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Published on Feb 2, 2010
Ever wondered what data Google's search engine collects and why we retain search logs for certain periods of time? Our first ever Brussels Tech Talk on 28 January 2010 was about this and other questions on online privacy, given that it was Data Protection Day.
Dr Alma Whitten, Google's engineering lead for privacy, addressed a full room of policy makers and other interested stakeholders. Alma demonstrated how we harness the power of data to "learn from the good guys, fight the bad guys, and invent the future".
While the technology is complicated, the explanation is simple: log data enable our engineers to refine algorithms for the benefit of all search users. If clicking on the top results occurs for any given query, it signals that we are doing something right. If people are hitting 'next page' or typing in another query, we learn something is wrong. Every time a user searches on the web, you benefit from what Google has learned from millions of previous searches. However, rather than a solved problem, the search science is still in its infancy. By launching hundreds of innovations in search just during the last year, we're constantly trying to improve search so you'll hopefully find among the first results the website that contains the answer you were looking for in midst of more than a trillion unique URLs.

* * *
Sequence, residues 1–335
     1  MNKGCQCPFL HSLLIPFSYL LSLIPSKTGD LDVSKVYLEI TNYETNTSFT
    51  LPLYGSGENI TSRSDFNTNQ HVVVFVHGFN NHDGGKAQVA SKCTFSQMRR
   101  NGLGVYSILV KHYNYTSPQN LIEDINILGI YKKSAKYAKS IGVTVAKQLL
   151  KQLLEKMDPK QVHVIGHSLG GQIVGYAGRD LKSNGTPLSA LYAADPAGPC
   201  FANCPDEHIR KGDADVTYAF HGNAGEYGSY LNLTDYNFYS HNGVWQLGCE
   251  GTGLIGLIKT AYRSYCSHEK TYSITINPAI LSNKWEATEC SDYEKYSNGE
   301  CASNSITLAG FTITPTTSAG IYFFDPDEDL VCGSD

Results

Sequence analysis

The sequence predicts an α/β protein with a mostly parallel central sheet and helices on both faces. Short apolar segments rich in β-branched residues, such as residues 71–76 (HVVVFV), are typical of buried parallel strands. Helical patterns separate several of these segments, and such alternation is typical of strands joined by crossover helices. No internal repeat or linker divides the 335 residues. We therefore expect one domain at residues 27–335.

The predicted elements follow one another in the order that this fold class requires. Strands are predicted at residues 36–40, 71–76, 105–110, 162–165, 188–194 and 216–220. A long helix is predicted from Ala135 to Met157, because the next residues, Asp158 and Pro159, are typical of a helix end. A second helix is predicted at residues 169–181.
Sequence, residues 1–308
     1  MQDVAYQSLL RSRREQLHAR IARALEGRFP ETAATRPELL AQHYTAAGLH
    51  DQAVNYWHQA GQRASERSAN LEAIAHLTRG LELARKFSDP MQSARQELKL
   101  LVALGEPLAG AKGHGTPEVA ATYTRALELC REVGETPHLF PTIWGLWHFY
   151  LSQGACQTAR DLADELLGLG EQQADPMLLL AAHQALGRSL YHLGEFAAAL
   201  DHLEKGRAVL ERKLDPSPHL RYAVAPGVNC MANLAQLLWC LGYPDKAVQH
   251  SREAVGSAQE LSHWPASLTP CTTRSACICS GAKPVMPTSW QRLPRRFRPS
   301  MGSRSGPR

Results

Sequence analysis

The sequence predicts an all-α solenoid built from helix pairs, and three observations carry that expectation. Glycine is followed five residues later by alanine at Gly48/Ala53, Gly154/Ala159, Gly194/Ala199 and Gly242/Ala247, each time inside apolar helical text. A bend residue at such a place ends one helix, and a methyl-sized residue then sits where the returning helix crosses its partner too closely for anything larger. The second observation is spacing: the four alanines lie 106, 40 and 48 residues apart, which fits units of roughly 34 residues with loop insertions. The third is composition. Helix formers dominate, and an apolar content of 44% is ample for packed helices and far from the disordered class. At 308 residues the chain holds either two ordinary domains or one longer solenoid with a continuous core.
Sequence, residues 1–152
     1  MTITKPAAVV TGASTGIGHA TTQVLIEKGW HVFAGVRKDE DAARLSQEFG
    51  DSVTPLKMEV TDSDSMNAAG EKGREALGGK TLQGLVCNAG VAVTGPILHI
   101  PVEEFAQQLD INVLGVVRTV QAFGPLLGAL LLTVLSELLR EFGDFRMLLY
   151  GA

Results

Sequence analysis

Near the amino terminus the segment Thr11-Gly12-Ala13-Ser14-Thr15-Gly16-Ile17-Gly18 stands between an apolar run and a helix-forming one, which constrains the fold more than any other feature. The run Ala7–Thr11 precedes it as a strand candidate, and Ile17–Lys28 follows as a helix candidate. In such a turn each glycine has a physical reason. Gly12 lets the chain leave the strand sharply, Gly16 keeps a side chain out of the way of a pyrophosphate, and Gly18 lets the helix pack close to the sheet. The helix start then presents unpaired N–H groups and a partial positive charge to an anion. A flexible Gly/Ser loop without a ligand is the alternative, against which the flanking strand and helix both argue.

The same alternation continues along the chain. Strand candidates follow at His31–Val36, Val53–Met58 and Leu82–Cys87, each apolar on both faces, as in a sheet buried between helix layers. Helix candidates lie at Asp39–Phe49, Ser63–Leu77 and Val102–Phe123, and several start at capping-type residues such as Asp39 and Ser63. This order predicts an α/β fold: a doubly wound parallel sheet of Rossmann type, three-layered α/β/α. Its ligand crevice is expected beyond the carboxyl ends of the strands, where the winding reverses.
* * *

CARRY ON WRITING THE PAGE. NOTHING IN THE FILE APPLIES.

We aim to always balance innovative product development with a serious respect for users' privacy. For us, this process starts with providing transparency and allowing users control. Alma explained the ways we're working to provide our users with more transparency and choice: things like the Ads Preferences Manager, Google Dashboard, and Data Liberation Front. And she referred to the challenges engineers face to achieve transparency and control with respect to different categories of data such as logged-in vs. unauthenticated data.
P.S. The video's sound quality could be better - we're arranging for superior recording equipment for the next Brussels TechTalk.